It is time to clock off from the day job. Mr Corr, who rejected an MBE last year on the ground that the former prime minister Tony Blair "was morally corrupt" in taking the country to war in Iraq, has half an hour to make a couple of calls about a new human rights charity, Humanade, he is setting up, due to launch in February.

"The idea is to get businesses interested in supporting human rights," he says. "Consumers have a lot more power than they imagine. People are so disillusioned with politicians and democracy and feel they don't have a voice their only real power is in the wallet. If they stop spending, companies will listen."

Unsurprisingly, music is Mr Corr's other passion, and tonight he will heading to the studio to work on a second album he is putting together for Agent Provocateur. As a kind of soundtrack to the label, it will be a collaboration with a number of guest artists, but he will sing on three or four of them. It promises to be a heavy night.

The CV

Name: Joseph Corr

Job: Co-founder, Agent Provocateur

Education: St Christopher School, Letchworth.

Personal: Lives in London, separated from his wife, Serena Rees, with whom he has a daughter.

Career: 1984: Worked with his mother, Vivienne Westwood, in re-establishing her shop World's End, King's Road. 1994: Founded Agent Provocateur with its first store in Broadwick Street, Soho. 1997:Second UK location opens at Pont Street, London. 1999: www.agentprovocateur.com launched. 2000: First US store opens on Melrose Avenue, LA.

2007: 3i buys majority stake in Agent Provocateur for 60m.

Start your day with The Independent, sign up for daily news emails
Latest stories from i100
Have you tried new the Independent Digital Edition apps?
Independent Dating
and  

By clicking 'Search' you
are agreeing to our
Terms of Use.

iJobs Job Widget
iJobs Money & Business

Recruitment Genius: Sales Assistant / Buyer

£15000 - £17000 per annum: Recruitment Genius: This company offers a range of ...

Recruitment Genius: Customer Service Advisor

£15000 - £16000 per annum: Recruitment Genius: Customer Service Advisors are r...

SThree: Trainee Recruitment Consultant

£20000 - £25000 per annum + OTE £45K: SThree: SThree were established in 1986....

Recruitment Genius: Compliance Manager

£40000 - £60000 per annum: Recruitment Genius: A Compliance Manager is require...

Day In a Page

Greece debt crisis: What happened to democracy when it’s a case of 'Vote Yes or else'?

'The economic collapse has happened. What is at risk now is democracy...'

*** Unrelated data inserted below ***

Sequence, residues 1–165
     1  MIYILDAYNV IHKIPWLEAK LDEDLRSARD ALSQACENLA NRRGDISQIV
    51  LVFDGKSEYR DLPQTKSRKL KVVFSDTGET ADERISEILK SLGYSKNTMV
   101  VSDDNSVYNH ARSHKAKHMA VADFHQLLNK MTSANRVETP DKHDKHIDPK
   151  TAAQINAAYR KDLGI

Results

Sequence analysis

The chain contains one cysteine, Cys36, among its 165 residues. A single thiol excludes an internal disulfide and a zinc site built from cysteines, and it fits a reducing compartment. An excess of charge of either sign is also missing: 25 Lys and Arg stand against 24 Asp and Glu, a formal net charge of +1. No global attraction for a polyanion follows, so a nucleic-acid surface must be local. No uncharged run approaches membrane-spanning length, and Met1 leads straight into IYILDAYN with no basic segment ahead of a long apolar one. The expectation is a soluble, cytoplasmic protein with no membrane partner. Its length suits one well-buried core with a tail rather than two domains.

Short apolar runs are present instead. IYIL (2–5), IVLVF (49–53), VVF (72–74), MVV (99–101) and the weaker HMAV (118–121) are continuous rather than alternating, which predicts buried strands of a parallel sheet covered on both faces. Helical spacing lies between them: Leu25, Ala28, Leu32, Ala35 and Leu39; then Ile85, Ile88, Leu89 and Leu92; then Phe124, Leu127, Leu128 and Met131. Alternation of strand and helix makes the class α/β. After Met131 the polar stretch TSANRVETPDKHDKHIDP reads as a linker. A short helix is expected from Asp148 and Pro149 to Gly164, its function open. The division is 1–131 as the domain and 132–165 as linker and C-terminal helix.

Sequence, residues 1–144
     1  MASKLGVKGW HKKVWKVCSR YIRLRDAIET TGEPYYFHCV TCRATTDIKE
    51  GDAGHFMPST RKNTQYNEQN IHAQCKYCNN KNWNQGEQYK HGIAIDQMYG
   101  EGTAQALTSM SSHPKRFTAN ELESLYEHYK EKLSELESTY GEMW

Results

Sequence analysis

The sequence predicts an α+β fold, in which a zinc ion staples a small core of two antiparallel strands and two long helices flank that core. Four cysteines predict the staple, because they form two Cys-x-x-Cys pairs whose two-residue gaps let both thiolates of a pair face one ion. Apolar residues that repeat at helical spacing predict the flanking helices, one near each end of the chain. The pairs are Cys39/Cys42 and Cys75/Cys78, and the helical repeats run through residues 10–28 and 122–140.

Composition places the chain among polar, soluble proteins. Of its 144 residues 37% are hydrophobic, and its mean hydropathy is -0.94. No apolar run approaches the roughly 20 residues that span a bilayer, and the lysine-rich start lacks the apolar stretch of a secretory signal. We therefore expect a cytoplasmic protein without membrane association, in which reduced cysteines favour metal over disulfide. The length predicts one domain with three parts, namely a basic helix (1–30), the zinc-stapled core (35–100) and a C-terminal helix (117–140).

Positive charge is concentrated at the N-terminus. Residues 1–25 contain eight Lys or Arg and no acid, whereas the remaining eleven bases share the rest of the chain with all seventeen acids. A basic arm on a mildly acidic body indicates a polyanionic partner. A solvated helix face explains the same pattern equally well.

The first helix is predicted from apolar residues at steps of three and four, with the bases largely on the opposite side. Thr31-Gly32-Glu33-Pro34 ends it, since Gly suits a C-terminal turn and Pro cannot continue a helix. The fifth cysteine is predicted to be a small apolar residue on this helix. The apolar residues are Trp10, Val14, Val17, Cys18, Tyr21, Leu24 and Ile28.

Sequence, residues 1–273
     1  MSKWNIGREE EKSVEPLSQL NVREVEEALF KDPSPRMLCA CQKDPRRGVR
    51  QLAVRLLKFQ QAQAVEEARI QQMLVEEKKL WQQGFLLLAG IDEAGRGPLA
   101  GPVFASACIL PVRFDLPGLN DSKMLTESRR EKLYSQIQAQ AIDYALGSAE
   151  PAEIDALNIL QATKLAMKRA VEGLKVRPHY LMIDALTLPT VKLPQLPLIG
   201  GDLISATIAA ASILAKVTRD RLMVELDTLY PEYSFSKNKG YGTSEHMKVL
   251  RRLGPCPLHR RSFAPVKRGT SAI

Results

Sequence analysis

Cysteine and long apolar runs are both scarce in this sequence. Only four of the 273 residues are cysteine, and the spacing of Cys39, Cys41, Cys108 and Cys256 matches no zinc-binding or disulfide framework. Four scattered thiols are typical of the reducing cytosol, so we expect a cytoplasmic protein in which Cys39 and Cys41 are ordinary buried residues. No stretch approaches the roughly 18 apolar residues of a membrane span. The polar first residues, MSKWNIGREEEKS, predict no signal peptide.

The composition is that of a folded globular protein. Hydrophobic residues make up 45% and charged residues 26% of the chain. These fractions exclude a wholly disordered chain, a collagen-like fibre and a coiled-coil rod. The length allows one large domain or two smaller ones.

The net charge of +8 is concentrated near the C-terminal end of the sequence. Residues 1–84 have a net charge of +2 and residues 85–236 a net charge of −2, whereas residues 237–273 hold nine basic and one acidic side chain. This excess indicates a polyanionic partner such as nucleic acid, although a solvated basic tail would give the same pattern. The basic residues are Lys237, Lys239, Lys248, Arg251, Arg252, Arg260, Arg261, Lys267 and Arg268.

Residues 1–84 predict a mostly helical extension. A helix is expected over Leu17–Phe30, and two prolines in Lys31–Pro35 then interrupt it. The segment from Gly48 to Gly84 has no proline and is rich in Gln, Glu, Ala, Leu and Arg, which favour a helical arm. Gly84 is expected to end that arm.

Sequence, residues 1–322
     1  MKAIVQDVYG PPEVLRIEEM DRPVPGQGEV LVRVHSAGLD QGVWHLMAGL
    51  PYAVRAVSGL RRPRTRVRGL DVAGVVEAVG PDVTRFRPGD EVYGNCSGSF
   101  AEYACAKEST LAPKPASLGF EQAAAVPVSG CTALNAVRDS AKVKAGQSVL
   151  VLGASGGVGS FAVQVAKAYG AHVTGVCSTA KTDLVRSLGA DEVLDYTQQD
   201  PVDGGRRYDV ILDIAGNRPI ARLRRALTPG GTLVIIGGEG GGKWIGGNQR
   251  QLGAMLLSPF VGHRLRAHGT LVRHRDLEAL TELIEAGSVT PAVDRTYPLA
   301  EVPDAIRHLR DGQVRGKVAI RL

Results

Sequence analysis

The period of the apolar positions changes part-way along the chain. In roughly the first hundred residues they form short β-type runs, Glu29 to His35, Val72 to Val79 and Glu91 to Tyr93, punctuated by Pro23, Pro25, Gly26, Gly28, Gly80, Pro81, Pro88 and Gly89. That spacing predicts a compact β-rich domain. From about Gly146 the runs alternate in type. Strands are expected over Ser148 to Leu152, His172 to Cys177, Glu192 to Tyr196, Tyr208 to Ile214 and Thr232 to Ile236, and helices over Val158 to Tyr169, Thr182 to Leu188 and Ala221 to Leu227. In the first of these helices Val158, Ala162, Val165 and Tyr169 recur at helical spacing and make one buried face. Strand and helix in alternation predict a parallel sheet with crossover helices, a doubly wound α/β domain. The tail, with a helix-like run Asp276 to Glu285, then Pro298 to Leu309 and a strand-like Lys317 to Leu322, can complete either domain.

If it doesn’t work in Europe, how is it supposed to work in India or the Middle East, asks Robert Fisk
The science of swearing: What lies behind the use of four-letter words?

The science of swearing

What lies behind the use of four-letter words?
The Real Stories of Migrant Britain: Clive fled from Zimbabwe - now it won't have him back

The Real Stories of Migrant Britain

Clive fled from Zimbabwe - now it won’t have him back
Africa on the menu: Three foodie friends want to popularise dishes from the continent

Africa on the menu

Three foodie friends want to popularise dishes from the hot new continent
Donna Karan is stepping down after 30 years - so who will fill the DKNY creator's boots?

Who will fill Donna Karan's boots?

The designer is stepping down as Chief Designer of DKNY after 30 years. Alexander Fury looks back at the career of 'America's Chanel'
10 best statement lightbulbs

10 best statement lightbulbs

Dare to bare with some out-of-the-ordinary illumination
Wimbledon 2015: Heather Watson - 'I had Serena's poster on my wall – now I'm playing her'

Heather Watson: 'I had Serena's poster on my wall – now I'm playing her'

Briton pumped up for dream meeting with world No 1
Wimbledon 2015: Nick Bollettieri - It's time for big John Isner to produce the goods to go with his thumping serve

Nick Bollettieri's Wimbledon Files

It's time for big John Isner to produce the goods to go with his thumping serve
Dustin Brown: Who is the tennis player who knocked Rafael Nadal out of Wimbeldon 2015?

Dustin Brown

Who is the German player that knocked Nadal out of Wimbeldon 2015?
Ashes 2015: Damien Martyn - 'England are fired up again, just like in 2005...'

Damien Martyn: 'England are fired up again, just like in 2005...'

Australian veteran of that Ashes series, believes the hosts' may become unstoppable if they win the first Test
Tour de France 2015: Twins Simon and Adam Yates have a mountain to climb during Tour of duty

Twins have a mountain to climb during Tour of duty

Yates brothers will target the steepest sections in bid to win a stage in France
John Palmer: 'Goldfinger' of British crime was murdered, say police

Murder of the Brink’s-MAT mastermind

'Goldfinger' of British crime's life ended in a blaze of bullets, say police
Forget little green men - aliens will look like humans, says Cambridge University evolution expert

Forget little green men

Leading evolutionary biologist says aliens will look like humans
The Real Stories of Migrant Britain: An Algerian scientist adjusts to life working in a kebab shop

The Real Stories of Migrant Britain

An Algerian scientist struggles to adjust to her new life working in a Scottish kebab shop
Bodyworlds museum: Dr Gunther von Hagens has battled legal threats, Parkinson's disease, and the threat of bankruptcy

Dying dream of Doctor Death

Dr Gunther von Hagens has battled legal threats, Parkinson's disease, and the threat of bankruptcy